Ransomware hit small government organizations hard in 2019. Now they have to deal with budget cuts, pandemic precautions, social unrest, and the coming election cycle.

Already under attack by cybercriminals and ransomware operators, state and local government are facing heightened cybersecurity threats as they move into the second half of 2020, when they will be required to manage elections while dealing with hard economic choices, experts said this week.

State and local governments have struggled with cybersecurity for years, but the next six months will simultaneously raise the stakes while posing new challenges. The combination of reduced tax revenues and the additional costs caused by the pandemic could strain budgets for typical cost centers such as cybersecurity. Already, government-focused companies have noticed a significant loss of focus on cybersecurity in their state and local government clients. 

It’s understandable but worrisome when looking at the challenges ahead, says Mark Testoni, CEO of enterprise-software maker SAP’s national security division.

“Cybersecurity is successfully working its way into boardrooms now, but if you are a governor or a mayor at this point [in time], you are more focused on keeping people alive and reducing impacts on their livelihood, so cyber is not a big issue,” he says. “We can’t necessarily now spend billions of dollars shoring up defenses. Unfortunately, if you are a cybercriminal, there is no better opportunity than that.” 

Because of the relative lack of cybersecurity expertise and their need to stay operational, state and local governments have become a favored target of cybercriminals, especially ransomware operators, because small government agencies are more likely to pay in order to recover from a ransomware attack. In 2019, more than 104 ransomware attacks targeted state and local government organizations, according to data collected by threat intelligence firm Recorded Future.

“The attackers are smart, they know state and local governments are not well-funded, and they don’t have cybersecurity expertise,” says Dan Basile, executive director of statewide cybersecurity services for the Texas A&M University System, which offers detection and response services to local governments in Texas. “They have a soft underbelly that is pretty easy to get at.”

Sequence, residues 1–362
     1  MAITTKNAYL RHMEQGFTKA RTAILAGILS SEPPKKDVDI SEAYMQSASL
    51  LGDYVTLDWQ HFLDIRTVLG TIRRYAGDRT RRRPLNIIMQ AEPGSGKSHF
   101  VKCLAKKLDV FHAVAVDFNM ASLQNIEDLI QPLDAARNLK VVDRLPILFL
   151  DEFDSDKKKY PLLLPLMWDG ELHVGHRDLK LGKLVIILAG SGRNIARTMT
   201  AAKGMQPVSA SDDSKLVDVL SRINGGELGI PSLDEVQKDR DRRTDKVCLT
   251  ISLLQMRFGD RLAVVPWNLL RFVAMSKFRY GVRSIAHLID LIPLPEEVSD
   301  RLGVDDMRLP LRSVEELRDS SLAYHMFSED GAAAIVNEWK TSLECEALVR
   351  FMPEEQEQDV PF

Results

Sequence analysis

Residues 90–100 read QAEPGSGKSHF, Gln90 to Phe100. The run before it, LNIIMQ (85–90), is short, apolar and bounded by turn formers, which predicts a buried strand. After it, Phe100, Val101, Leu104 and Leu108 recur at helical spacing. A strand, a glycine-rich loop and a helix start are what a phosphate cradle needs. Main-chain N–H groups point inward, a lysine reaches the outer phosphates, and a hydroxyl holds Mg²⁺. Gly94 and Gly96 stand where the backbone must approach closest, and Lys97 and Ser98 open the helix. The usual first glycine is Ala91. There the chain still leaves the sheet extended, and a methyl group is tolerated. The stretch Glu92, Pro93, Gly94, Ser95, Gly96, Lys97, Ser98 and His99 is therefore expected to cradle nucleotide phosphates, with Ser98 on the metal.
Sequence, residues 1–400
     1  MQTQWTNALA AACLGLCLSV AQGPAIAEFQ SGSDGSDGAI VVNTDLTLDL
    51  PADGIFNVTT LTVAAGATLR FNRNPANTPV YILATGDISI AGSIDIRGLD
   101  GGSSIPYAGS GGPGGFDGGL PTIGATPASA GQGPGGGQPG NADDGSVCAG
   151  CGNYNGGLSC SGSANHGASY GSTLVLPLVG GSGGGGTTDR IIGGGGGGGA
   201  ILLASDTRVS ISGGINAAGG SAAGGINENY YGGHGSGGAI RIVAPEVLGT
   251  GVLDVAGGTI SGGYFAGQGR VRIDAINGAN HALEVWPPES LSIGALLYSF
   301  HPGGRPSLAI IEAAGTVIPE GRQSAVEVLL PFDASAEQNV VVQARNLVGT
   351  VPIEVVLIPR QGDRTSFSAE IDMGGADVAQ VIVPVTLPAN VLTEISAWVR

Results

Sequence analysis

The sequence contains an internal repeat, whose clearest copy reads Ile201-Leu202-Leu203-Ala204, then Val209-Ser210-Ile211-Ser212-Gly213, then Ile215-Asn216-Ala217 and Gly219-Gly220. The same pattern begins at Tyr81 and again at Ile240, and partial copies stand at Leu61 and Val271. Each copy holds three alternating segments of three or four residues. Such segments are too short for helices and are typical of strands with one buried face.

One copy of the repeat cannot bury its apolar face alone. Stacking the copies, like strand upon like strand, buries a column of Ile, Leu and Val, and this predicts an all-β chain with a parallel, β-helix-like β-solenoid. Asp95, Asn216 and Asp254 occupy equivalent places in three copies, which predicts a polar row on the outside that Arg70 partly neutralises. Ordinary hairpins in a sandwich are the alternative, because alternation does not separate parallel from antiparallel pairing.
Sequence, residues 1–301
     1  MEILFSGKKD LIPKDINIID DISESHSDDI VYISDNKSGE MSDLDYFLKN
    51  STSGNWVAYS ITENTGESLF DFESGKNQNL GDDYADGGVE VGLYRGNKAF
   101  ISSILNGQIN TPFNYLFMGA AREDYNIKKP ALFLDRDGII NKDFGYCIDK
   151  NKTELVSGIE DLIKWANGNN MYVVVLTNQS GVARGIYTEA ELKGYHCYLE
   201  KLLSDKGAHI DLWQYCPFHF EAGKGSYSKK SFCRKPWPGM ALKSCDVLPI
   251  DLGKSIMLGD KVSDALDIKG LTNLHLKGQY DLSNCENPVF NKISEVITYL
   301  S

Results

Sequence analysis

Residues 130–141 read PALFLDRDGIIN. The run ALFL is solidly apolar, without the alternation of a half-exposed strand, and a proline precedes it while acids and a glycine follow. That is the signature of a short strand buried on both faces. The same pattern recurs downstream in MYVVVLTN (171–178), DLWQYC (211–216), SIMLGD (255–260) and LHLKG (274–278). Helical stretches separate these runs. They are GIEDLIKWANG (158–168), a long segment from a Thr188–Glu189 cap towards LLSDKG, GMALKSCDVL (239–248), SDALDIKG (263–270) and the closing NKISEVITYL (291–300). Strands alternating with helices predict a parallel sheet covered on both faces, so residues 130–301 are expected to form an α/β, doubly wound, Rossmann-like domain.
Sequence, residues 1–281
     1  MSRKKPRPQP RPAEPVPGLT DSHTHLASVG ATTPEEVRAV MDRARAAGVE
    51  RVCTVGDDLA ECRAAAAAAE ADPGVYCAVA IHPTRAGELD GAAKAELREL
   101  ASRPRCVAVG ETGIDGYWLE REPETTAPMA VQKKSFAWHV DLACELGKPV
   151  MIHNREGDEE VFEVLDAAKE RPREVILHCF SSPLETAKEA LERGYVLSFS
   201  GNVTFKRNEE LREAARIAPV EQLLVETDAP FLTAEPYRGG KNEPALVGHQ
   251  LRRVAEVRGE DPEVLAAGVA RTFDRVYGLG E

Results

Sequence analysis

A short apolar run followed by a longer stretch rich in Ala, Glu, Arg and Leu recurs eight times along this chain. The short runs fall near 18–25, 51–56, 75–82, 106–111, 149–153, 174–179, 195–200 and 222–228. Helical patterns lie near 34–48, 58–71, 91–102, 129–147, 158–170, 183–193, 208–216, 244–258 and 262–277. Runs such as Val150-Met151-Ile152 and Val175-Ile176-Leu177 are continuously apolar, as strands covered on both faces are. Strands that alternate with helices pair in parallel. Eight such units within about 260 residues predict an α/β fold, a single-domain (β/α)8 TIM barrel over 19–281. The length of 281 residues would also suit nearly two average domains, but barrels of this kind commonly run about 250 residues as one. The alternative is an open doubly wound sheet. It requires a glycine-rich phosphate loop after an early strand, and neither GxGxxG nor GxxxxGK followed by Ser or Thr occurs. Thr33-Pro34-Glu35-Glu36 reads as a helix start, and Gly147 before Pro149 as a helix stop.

In 2020, cybersecurity has dropped off the radar for many government organizations because of a trifecta of social threats: coronavirus infections, unemployment, and protests. Overall, states are facing hard economic times, if the 2009 financial crisis is any guide: Tax revenue plummeted by more than $120 billion, or about 9%, according to the Brookings Institution

While the budget shortfall will not have an immediate impact, since state and local governments tend to budget for multiple years and had record rainy-day funds, cybersecurity spending will likely hold steady, if not decrease, Basile says.

“I don’t think anyone is looking at cutting staff, but buying new security solutions? That’s a lot less likely,” he says.

Overall, with tens of thousands of governmental agencies, school districts, and organizations across the United States, the problem is extremely complex, SAP NS2’s Testoni says.

“Typically, these smaller cities and counties don’t have the scale, but they all have their own individual systems that they have to manage,” he says. “It is a lot of different systems and a lot of different architectures and a lot of different capabilities.”

Focusing on increasing cloud adoption could be a path forward. Already, most state and local governments rely on cloud services to manage their web presense, online services, and e-mail systems. Adding cybersecurity to the list should be fairly straightforward, Testoni says.

“Cloud architectures could give an opportunity to layer in additional protection, particularly for the smaller communities,” he says. “But there is still a lot of cultural and political problems in the way. We are dealing with cross-cultural change, and that always tends to cause unforeseen problems.”

Cybersecurity training is also a relatively cheap measure that could help to harden local governments against ransomware attacks and prepare county workers for election threats. In a Harris survey conducted in early 2020 and sponsored by IBM, only 38% of respondents working for state and local governments said they had received training, leaving a great deal of room for improvement.

Finally, segmentation that aims to slow attackers’ movement through a network can help keep critical data safe, and more consistent backups can allow government to recover following a cyberattack, consultancy Deloitte said in its March analysis.

“Developing a system architecture where the most critical data is compartmentalized can make it more difficult for hackers to encrypt enough critical information to create leverage and demand a ransom,” the company said. “This compartmentalization is as much about function as physical connectivity.”

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Veteran technology journalist of more than 20 years. Former research engineer. Written for more than two dozen publications, including CNET News.com, Dark Reading, MIT’s Technology Review, Popular Science, and Wired News. Five awards for journalism, including Best Deadline … View Full Bio

 

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